I am limited to 10 rounds in California with 9mm. So, 9mm is out of the question unless it is a more capable and reliable defensive round.

I have the .357SIG oem Sig barrel for the P229 which I have never shot. When I receive the repaired slide back from Sig I will shoot the .357SIG and decide whether or not I want to put the time into becoming proficient with it.

If I decide to become proficient with it, I will likely buy a single stage reloading press for the .357SIG and carry it (although I can also carry the .45 ACP P220 and the .44 S&W).

So, my particular situation is a little more narrower than a true caliber war.

Reliability, capability and capacity -- in that order for my particular circumstances.
 

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EVERYTHING we discuss in personal defense related forums is a trade off. Size vs portability vs capacity vs cost What is the best, common, round for personal defense? Probably a 12 gauge shotgun. Why do we use handguns? Because it is hard to holster and carry a 12 gauge shotgun and they are heavy. Only you can decide which trade offs are valuable to you. Smaller round more capacity? Faster round more cost? Penetration vs expansion. Revolver vs more capacity. If there were one perfect round or weapon we would not be having these conversations. They are all trade-offs. Look at the lists and you will see what trade-offs are most important to most people. You have now named them. 9mm, .40., 357 SIG (add 45 and 380). Which one are you? Take your pick. They are all good choices and have their various merits.

And be careful with costs of rounds. Especially what amounts to the boutique rounds (not speaking of .357Sig and 10 mm). Speaking of rounds like 5.7x26 that cost $1 (one dollar) per shot. Range trips get spendy there. Great round. Fast. Great penetration. Huge capacity. Low recoil. Too expensive for most of us to use.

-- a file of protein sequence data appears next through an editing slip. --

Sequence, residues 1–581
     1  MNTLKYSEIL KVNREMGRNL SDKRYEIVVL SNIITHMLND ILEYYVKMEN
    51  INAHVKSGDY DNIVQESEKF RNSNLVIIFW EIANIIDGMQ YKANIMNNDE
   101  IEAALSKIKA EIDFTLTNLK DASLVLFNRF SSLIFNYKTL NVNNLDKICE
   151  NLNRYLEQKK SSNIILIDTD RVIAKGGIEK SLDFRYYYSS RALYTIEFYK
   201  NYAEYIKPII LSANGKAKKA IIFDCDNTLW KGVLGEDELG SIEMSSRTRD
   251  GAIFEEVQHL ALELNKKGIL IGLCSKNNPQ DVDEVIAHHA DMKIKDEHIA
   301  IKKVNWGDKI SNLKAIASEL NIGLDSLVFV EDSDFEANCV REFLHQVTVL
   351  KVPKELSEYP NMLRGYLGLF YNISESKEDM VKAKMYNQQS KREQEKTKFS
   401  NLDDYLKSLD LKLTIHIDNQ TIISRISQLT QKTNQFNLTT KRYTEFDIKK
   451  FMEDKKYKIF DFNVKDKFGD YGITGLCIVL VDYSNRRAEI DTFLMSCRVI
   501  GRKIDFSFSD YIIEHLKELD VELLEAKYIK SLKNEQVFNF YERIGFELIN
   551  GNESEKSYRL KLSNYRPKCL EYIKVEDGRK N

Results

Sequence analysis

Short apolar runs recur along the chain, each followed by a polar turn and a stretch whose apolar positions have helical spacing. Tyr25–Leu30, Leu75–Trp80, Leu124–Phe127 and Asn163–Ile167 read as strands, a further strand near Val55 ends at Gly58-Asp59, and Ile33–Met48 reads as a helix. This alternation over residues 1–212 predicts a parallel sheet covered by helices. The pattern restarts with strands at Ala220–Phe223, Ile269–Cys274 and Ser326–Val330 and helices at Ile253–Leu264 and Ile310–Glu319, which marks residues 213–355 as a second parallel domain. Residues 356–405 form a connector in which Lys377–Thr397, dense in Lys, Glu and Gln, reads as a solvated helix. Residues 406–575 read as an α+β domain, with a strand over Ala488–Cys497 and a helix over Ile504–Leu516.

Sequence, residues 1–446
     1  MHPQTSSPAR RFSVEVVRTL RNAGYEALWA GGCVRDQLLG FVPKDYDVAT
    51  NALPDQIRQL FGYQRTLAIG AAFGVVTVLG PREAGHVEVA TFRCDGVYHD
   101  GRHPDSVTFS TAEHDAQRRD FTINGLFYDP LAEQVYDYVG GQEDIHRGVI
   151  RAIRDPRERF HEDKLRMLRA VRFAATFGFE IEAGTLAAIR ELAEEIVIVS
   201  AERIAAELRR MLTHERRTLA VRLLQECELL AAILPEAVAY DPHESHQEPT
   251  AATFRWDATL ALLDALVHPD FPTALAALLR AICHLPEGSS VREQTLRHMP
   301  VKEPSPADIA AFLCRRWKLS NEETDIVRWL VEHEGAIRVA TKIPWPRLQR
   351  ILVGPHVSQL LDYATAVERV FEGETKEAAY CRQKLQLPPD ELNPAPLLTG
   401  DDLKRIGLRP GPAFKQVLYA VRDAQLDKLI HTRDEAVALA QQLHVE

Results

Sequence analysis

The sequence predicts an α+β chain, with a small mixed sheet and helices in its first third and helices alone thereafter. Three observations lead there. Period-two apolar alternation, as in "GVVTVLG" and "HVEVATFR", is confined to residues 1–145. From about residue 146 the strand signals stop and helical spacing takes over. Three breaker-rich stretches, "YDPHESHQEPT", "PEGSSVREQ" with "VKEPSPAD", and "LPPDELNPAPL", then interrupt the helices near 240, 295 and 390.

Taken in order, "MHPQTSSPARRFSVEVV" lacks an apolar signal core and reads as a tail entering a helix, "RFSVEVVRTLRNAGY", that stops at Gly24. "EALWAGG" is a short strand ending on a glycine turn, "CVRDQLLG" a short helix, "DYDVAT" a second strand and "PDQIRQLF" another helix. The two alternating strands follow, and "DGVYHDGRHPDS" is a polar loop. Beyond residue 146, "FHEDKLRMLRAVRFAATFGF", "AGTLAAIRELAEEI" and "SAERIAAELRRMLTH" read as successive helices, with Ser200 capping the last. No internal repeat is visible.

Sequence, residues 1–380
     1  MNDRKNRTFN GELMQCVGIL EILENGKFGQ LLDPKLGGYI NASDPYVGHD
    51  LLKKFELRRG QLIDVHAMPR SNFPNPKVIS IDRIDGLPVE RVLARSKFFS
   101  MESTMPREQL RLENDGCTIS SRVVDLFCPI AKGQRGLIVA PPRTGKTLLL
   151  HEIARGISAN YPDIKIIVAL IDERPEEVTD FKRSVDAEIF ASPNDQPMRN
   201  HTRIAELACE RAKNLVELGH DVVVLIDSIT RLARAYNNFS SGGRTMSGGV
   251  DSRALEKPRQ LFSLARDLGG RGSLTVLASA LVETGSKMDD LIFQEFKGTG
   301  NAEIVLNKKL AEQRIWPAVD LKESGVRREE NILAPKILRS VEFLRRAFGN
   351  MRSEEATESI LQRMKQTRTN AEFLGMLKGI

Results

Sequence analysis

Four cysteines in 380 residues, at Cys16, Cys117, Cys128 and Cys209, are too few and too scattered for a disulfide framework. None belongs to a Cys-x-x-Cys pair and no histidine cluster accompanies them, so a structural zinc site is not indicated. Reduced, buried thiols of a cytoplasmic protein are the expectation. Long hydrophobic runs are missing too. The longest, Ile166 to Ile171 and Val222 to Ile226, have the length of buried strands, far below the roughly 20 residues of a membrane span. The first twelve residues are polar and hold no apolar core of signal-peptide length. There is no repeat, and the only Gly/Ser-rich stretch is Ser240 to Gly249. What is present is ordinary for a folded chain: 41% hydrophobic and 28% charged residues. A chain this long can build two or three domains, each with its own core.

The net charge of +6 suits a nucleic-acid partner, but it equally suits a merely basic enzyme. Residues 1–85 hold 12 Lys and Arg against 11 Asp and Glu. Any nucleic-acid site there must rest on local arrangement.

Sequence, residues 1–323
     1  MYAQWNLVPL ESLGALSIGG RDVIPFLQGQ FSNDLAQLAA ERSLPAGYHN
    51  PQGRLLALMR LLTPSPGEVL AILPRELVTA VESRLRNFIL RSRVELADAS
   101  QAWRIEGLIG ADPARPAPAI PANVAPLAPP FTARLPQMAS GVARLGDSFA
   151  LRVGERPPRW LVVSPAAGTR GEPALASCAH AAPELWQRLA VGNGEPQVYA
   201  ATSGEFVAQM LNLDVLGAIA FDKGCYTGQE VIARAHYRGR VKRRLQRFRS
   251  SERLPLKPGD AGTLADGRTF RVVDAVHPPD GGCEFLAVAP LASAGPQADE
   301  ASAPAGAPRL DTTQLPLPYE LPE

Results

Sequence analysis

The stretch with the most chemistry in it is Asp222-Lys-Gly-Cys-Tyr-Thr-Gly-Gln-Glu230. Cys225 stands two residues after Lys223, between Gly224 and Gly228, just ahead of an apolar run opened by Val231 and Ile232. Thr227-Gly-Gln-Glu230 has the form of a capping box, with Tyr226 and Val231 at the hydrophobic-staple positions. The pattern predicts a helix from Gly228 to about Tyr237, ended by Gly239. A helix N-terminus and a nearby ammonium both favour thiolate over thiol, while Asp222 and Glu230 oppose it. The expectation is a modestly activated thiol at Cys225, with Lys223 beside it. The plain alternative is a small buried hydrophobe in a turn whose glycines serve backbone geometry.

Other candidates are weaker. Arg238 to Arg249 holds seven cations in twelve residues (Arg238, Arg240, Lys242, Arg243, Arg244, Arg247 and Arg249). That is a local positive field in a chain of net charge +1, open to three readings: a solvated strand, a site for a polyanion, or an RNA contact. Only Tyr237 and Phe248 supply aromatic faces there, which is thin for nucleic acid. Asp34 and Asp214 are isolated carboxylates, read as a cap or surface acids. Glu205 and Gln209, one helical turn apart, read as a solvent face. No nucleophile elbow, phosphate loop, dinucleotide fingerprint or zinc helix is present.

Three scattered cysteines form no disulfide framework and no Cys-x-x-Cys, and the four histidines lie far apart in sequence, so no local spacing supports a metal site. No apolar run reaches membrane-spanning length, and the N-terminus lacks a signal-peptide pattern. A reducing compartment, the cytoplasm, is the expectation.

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I am limited to 10 rounds in California with 9mm. So, 9mm is out of the question unless it is a more capable and reliable defensive round.
That's a good point that myself and many others outside of capacity limited States don't consider. If I were limited to 10 rounds (and carrying guns I already own) I'd carry either my P320 Sub Compact .40 , P220 10mm or maybe a revolver occasionally.

As I have stated before everyone's individual situation is different. I'm not concerned with reliability with any of my "carry" guns or calibers. I make the guns, and ammo prove themselves to me before I consider carrying them. A failure with range ammo wouldn't bother me much. (but...a failure like the OP's would probably have me choosing something else to carry until I had ran a ton of self defense ammo through the gun that had the failure.)